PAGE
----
Byline: Jonathan Alter Anyone with half a brain knows that grades and test scores aren't the only way to define "merit" in college admissions. Sometimes a good jump shot or batting average is "merit." Or a commitment to a soup kitchen. Or the ability...
What's at Stake: In the Competitive World of College Admissions, 'Fairness' Is Often in the Eye of the Beholder. Here Are the Facts about Affirmative Action
Byline: Barbara Kantrowitz and Pat Wingert In 1978, the Supreme Court opened the doors of America's elite campuses to a generation of minority students when it ruled that universities' admissions policies could take applicants' race into account....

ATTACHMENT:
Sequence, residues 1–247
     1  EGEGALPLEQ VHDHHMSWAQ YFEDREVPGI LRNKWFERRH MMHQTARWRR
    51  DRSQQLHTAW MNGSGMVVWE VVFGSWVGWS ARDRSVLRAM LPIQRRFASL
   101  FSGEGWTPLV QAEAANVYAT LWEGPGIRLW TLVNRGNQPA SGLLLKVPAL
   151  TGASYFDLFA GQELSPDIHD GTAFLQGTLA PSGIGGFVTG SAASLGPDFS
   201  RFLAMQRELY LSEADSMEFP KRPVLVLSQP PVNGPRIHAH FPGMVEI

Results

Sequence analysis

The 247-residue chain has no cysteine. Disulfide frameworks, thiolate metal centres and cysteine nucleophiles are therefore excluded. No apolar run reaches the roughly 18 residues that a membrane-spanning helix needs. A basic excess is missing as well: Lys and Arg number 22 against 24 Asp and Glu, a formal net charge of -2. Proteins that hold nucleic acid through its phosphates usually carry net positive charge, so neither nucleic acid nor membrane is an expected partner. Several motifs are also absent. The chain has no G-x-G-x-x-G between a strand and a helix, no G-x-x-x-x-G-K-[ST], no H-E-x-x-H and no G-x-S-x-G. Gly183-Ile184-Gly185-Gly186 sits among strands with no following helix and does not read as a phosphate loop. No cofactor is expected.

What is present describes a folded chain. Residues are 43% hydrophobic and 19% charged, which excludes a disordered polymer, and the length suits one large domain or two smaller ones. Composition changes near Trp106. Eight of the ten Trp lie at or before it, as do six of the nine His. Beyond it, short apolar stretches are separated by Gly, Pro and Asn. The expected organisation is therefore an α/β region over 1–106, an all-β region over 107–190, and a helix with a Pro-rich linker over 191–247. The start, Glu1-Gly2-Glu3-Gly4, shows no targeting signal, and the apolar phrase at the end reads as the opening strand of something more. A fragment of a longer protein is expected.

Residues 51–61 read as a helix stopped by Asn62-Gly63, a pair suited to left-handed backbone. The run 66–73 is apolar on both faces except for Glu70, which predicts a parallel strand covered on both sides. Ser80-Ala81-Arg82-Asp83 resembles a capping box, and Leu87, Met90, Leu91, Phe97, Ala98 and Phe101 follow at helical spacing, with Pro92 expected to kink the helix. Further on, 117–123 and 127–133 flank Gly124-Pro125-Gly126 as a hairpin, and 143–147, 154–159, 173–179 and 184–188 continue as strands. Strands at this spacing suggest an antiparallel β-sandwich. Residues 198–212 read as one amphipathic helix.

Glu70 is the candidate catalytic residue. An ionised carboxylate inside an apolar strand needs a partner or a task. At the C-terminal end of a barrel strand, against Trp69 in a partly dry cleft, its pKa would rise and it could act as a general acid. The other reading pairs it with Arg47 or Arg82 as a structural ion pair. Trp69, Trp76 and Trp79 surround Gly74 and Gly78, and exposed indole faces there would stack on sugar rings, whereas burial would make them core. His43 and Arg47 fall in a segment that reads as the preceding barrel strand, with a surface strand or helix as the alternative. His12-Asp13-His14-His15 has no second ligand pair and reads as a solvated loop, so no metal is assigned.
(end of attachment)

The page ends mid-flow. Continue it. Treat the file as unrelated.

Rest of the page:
'You're in the Lap of History': As He Turns 80, Norman Mailer Talks about Writing, Aging, Reincarnation, Presidential Sex and Crossword Puzzles. Another Day at the Beach
Byline: Malcolm Jones "The Spooky Art," Norman Mailer's book about writing, will appear on Jan. 31, his 80th birthday. Since his debut novel, "The Naked and the Dead" (1948), Mailer has written 31 more books. He has won the Pulitzer Prize twice....